I am almost embarrassed that I had not mentioned this earlier, but there is a hobby that I have been involved with in some form or another for almost 20 years — Amateur Radio. Amateur Radio which is otherwise known as ‘ham radio’ has been around since before most of us were born. It has roots in the 19th century; experimentation with radio started in 1888 with the likes of Heinrich Rudolf Hertz, Nikola Tesla and Guglielmo Marconi. I first learned of this wonderful and rewarding hobby from my grandfather, who originally held the very same call sign I have today, W3RAZ.
The whole time I knew my grandfather, William Dale Fulton, he was a Ham Operator. I have many memories sitting in the ham shack listening to my grandpa chatter on the HF, or High Frequency radio bands. My grandpa’s favorite band was the 10 meter band. I remember hearing stations from all over the country talk to him on something about the size of my inkjet printer and considerably heavier.
Nowadays there is no challenge to having your blog post read in many countries; it’s incredibly easy to do something like that in this day and age. But when I was a boy, it was a rarity and an accomplishment to make a 3,000 mile contact on HF. It still is today, but the allure of the global internet has taken away from it slightly.
It’s thanks to my grandfather that I got interested in tech. He helped me when I was in scouts with a science project involving relays, Christmas lights and a light sensor. After scouts and high school, I decided to come to Columbus where I obtained my Bachelor’s of Science in Electronics Engineering Technology at DeVry Institute of Technology, now known as DeVry University. It was during this time in college when I studied to earn my Amateur Radio license.
I still remember the day I went to the testing location. I was extremely nervous. I was only taking the Technician license, which was the first license to not require learning Morse Code. That day I walked out of the test knowing I had passed the exam. It took a couple of months for my first license to arrive with my original call sign, N8VQJ. Unfortunately, because my grandfather was getting on in years, I was never able to have a conversation with him via ham radio. Right before I got married, my grandfather passed away. A few years later, his license had finally lapsed, and I decided to upgrade to a General Class license. At that time, I had to pass a 13 Words Per Minute code exam to gain additional privileges. Again, I was nervous.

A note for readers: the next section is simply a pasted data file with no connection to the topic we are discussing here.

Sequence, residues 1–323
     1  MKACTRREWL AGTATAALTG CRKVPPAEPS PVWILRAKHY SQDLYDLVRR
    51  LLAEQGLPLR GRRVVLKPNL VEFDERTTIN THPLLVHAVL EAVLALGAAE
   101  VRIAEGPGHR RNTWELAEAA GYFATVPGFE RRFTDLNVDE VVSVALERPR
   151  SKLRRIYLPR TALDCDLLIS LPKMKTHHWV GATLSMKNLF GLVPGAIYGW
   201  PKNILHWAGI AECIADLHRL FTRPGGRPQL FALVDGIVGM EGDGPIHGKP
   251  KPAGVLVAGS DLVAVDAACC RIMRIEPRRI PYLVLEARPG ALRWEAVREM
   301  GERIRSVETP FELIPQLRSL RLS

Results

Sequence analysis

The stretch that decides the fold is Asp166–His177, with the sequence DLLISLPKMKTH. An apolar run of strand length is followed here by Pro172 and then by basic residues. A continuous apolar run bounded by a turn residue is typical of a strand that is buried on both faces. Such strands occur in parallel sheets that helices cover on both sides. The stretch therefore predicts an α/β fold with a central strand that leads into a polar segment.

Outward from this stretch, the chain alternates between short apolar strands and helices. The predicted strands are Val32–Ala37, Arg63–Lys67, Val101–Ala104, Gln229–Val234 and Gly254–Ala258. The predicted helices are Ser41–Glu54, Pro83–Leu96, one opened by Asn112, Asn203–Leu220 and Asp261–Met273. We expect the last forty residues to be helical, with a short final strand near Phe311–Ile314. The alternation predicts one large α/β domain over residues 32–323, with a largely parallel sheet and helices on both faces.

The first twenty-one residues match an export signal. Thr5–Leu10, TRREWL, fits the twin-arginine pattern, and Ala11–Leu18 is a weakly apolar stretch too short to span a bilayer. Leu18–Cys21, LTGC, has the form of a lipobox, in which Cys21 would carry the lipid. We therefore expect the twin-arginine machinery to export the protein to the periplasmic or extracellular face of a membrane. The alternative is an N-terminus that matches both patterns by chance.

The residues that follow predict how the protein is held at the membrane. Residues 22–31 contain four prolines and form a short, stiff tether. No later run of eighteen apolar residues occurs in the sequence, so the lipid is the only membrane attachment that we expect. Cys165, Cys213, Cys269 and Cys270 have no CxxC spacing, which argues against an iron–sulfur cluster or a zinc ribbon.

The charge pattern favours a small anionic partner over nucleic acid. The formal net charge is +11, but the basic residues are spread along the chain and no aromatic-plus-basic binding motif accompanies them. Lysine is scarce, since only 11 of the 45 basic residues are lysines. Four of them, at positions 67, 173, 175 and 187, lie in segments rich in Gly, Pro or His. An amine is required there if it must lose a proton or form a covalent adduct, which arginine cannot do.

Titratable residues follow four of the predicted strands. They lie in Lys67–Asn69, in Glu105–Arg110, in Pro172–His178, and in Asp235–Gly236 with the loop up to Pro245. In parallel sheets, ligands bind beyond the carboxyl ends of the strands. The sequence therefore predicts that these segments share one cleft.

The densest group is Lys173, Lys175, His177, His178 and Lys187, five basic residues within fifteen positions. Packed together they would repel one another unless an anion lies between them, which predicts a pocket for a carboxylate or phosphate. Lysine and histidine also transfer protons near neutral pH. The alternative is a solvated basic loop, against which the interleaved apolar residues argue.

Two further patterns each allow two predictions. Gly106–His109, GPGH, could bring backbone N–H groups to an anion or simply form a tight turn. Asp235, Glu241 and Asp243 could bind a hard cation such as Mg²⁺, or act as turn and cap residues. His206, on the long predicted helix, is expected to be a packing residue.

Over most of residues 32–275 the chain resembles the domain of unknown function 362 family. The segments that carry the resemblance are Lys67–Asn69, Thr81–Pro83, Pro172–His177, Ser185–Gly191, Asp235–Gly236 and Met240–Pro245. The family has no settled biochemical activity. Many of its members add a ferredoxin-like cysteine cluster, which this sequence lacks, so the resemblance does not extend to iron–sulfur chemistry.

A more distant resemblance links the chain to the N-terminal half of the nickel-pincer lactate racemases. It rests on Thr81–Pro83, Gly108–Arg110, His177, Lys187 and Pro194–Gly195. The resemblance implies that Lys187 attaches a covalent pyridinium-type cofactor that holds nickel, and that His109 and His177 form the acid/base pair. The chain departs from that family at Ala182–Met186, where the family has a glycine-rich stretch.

I decided to take my test that year at the Dayton Hamvention, which is one of the biggest events for Amateur Radio Operators. Think CES, but for the ham operator. Anyway, I remember talking to my ham friend, Carl, AA8YY about taking the exam. I told him if I passed, I would be applying for my grandfather’s call sign. I walked upstairs with my current license and existing paperwork, feeling extremely nervous that I would fail the morse code portion of the exam. An hour or so later, I passed and walked out with the ability to use my new privileges by signing N8VQJ/AG. I met up with Carl and he handed me a badge with my new call. Now, I didn’t know for sure that I would get the new call until a week or so later, so I chuckled when he handed it to me. Luckily, no one else wanted the call, and the FCC approved my application so I could become the next W3RAZ, keeping the call in the family.
Throughout this post, you will see some of my equipment, but the above picture is something special. This radio is a Azden PCS-6000. The radio is a single band radio on the 2m band. It is one I will never part with, as it was my grandpa’s last 2m radio — an original piece of the original W3RAZ station — it’s over 20 years old and still works today.
Now Ham Radio is not just a hobby. It is also a public service. Yesterday, those in Texas experienced some violent and tornadic storms. One way that the National Weather Service gets data on these storms is from trained weather spotters. There’s a service that is called Skywarn that is usually staffed by Amateur Radio operators. We ham operators are the eyes and ears of the National Weather Service, and we are there to help. That’s not all though, there is also the Amateur Radio Emergency Service.
When a big storm like Hurricane Katrina hits the US, some of the first people on the scene are the ham operators. We set up generators and stations to get health and welfare traffic in and out of the disaster zone. ARES radio operators train for this, and they regularly use their equipment in support of community events like Race for the Cure and other charity walks, runs and bike rides. It is by working these events that we hone our skills so that when the disaster really hits, we are there.
Keep reading Gear Diary for more ham radio stuff. I plan on writing about how to get your license, how to make your own antenna, how to combine the Internet and Ham Radio and more. Ham Radio may seem like it is a dying hobby, however, I feel that there is a lot of life left in it. New modes and devices are being developed all the time. If you can’t wait for more, then check out the Amateur Radio Relay League’s site for more information. I hope to bring Gear Diary readers something a bit different by sharing my interesting hobby, and I hope that my grandfather would be proud of my accomplishment. There is not one day I don’t think about him when I use any of my radios.